Cite This Page:

Massachusetts Institute Of Technology. "New MIT Probe Gathers Data For Better Polymers." ScienceDaily. ScienceDaily, 1 September 1999. <www.sciencedaily.com/releases/1999/09/990901075928.htm>.
Massachusetts Institute Of Technology. (1999, September 1). New MIT Probe Gathers Data For Better Polymers. ScienceDaily. Retrieved September 21, 2014 from www.sciencedaily.com/releases/1999/09/990901075928.htm
Massachusetts Institute Of Technology. "New MIT Probe Gathers Data For Better Polymers." ScienceDaily. www.sciencedaily.com/releases/1999/09/990901075928.htm (accessed September 21, 2014).

Share This



More Matter & Energy News

Sunday, September 21, 2014

Featured Research

from universities, journals, and other organizations


Featured Videos

from AP, Reuters, AFP, and other news services

What This MIT Sensor Could Mean For The Future Of Robotics

What This MIT Sensor Could Mean For The Future Of Robotics

Newsy (Sep. 20, 2014) MIT researchers developed a light-based sensor that gives robots 100 times the sensitivity of a human finger, allowing for "unprecedented dexterity." Video provided by Newsy
Powered by NewsLook.com
MIT BioSuit A New Take On Traditional Spacesuits

MIT BioSuit A New Take On Traditional Spacesuits

Newsy (Sep. 19, 2014) The MIT BioSuit could be an alternative to big, bulky traditional spacesuits, but the concept needs some work. Video provided by Newsy
Powered by NewsLook.com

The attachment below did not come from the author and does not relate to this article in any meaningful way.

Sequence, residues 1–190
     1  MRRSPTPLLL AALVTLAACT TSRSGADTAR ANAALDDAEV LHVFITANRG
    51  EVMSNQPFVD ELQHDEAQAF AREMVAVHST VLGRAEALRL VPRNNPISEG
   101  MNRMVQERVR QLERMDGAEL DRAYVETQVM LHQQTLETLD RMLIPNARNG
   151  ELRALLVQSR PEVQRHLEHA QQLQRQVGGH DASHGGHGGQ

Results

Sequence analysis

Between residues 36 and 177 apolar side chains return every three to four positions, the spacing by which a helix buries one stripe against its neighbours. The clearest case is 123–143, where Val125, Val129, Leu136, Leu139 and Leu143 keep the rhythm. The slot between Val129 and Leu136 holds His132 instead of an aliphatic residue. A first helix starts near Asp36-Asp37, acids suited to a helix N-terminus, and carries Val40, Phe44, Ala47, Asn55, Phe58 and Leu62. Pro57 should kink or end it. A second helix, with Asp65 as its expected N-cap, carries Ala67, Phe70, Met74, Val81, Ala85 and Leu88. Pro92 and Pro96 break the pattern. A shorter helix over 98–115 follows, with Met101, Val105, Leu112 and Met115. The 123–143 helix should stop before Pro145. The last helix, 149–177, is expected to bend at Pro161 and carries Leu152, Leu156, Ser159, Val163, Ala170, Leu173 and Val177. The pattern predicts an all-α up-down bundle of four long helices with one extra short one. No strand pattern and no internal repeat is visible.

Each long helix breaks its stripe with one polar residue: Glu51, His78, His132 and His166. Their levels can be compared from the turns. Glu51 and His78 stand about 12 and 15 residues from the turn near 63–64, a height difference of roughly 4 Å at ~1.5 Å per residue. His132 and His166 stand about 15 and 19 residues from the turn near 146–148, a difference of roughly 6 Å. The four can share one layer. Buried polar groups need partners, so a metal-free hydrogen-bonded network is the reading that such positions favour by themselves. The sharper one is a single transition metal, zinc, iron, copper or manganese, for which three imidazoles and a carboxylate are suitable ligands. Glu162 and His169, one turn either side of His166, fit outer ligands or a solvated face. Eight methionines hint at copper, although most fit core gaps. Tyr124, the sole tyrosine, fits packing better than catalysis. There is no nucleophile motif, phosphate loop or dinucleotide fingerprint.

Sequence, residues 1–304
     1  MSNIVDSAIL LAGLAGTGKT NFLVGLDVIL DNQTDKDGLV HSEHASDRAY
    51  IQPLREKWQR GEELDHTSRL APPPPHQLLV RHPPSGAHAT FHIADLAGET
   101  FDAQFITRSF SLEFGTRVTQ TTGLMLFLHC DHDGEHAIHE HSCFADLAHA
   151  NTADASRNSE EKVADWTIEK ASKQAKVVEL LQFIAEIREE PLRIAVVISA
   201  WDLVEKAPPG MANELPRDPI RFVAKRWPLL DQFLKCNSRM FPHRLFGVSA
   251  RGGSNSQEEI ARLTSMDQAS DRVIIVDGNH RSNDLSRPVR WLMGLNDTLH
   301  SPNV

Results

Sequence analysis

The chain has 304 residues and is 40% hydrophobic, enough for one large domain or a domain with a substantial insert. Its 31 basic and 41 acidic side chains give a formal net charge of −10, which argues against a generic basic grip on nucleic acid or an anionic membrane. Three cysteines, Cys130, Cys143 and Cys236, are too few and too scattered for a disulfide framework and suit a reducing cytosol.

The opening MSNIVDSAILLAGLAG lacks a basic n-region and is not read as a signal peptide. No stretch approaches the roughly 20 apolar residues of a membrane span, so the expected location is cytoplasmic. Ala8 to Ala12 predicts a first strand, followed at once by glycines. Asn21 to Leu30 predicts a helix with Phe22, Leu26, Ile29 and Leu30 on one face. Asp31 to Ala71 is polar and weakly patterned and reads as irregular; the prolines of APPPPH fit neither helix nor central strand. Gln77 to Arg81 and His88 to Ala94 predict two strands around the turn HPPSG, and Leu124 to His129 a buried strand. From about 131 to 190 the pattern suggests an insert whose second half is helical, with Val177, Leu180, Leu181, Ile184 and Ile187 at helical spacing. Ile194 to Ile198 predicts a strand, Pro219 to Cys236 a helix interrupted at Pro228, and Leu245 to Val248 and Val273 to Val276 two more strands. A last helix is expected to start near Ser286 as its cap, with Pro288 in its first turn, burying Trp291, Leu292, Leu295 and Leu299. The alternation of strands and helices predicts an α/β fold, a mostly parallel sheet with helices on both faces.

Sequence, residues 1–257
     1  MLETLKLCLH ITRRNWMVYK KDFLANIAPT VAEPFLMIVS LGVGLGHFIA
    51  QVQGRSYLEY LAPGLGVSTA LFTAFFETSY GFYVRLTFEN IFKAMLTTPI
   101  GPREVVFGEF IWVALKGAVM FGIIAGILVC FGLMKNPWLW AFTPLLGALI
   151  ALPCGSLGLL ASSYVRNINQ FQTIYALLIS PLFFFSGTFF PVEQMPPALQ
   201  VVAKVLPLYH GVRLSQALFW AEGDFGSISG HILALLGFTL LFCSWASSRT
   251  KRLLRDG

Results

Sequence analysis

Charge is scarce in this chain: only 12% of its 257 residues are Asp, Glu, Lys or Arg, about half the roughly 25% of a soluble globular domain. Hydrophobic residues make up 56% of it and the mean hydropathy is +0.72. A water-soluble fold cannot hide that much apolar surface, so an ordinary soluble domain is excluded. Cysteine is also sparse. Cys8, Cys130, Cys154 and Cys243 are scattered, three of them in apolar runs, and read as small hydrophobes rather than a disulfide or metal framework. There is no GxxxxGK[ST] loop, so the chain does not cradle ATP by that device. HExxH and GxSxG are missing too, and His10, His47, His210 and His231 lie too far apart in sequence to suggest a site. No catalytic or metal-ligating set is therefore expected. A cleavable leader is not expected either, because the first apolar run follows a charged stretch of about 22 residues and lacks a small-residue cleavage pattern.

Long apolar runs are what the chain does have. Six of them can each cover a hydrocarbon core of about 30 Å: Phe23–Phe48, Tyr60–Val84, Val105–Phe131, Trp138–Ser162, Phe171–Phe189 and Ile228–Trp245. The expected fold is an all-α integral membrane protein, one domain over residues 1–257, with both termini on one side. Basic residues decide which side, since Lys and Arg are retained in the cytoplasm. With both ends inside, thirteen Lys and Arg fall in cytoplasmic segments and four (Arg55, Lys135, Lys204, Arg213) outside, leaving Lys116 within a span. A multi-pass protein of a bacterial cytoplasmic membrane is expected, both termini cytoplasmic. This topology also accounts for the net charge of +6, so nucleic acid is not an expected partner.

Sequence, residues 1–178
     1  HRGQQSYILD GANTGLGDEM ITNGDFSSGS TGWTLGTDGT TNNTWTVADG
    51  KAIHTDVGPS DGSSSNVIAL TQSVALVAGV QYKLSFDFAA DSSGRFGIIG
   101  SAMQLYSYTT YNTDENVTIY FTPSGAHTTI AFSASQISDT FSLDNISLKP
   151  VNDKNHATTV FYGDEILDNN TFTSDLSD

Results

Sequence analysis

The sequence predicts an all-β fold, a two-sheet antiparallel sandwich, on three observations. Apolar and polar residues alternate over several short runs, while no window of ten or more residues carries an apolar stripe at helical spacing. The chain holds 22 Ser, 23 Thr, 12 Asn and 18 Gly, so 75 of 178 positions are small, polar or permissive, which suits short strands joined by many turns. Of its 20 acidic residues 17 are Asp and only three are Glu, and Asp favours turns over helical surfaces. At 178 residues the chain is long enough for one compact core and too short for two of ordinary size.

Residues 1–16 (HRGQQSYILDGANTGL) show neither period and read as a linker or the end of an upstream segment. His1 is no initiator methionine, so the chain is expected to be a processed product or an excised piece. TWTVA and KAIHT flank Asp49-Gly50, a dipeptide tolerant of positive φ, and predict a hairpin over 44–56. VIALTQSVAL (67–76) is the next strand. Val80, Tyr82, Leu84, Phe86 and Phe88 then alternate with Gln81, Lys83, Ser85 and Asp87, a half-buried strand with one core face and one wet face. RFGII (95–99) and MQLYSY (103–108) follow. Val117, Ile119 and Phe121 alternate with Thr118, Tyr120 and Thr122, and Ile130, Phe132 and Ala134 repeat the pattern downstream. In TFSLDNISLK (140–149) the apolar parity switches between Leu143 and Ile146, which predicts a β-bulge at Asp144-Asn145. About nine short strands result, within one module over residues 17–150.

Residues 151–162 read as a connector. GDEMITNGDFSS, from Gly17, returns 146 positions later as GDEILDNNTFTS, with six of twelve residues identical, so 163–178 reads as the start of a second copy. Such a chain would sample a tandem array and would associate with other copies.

New Music With Recycled Instruments at Colombia Fest

New Music With Recycled Instruments at Colombia Fest

AFP (Sep. 19, 2014) Jars, bottles, caps and even a pizza box, recovered from the trash, were the elements used by four musical groups at the "RSFEST2014 Sonorities Recycling Festival", in Colombian city of Cali. Duration: 00:49 Video provided by AFP
Powered by NewsLook.com
Virtual Reality Headsets Unveiled at Tokyo Game Show

Virtual Reality Headsets Unveiled at Tokyo Game Show

AFP (Sep. 18, 2014) Several companies unveiled virtual reality headsets at the Tokyo Game Show, Asia's largest digital entertainment exhibition. Duration: 00:48 Video provided by AFP
Powered by NewsLook.com

Search ScienceDaily

Number of stories in archives: 140,361

Find with keyword(s):
Enter a keyword or phrase to search ScienceDaily for related topics and research stories.

Save/Print:
Share:

Breaking News:
from the past week

In Other News

... from NewsDaily.com

Science News

Health News

Environment News

Technology News



Save/Print:
Share:

Free Subscriptions


Get the latest science news with ScienceDaily's free email newsletters, updated daily and weekly. Or view hourly updated newsfeeds in your RSS reader:

Get Social & Mobile


Keep up to date with the latest news from ScienceDaily via social networks and mobile apps:

Have Feedback?


Tell us what you think of ScienceDaily -- we welcome both positive and negative comments. Have any problems using the site? Questions?
Mobile: iPhone Android Web
Follow: Facebook Twitter Google+
Subscribe: RSS Feeds Email Newsletters
Latest Headlines Health & Medicine Mind & Brain Space & Time Matter & Energy Computers & Math Plants & Animals Earth & Climate Fossils & Ruins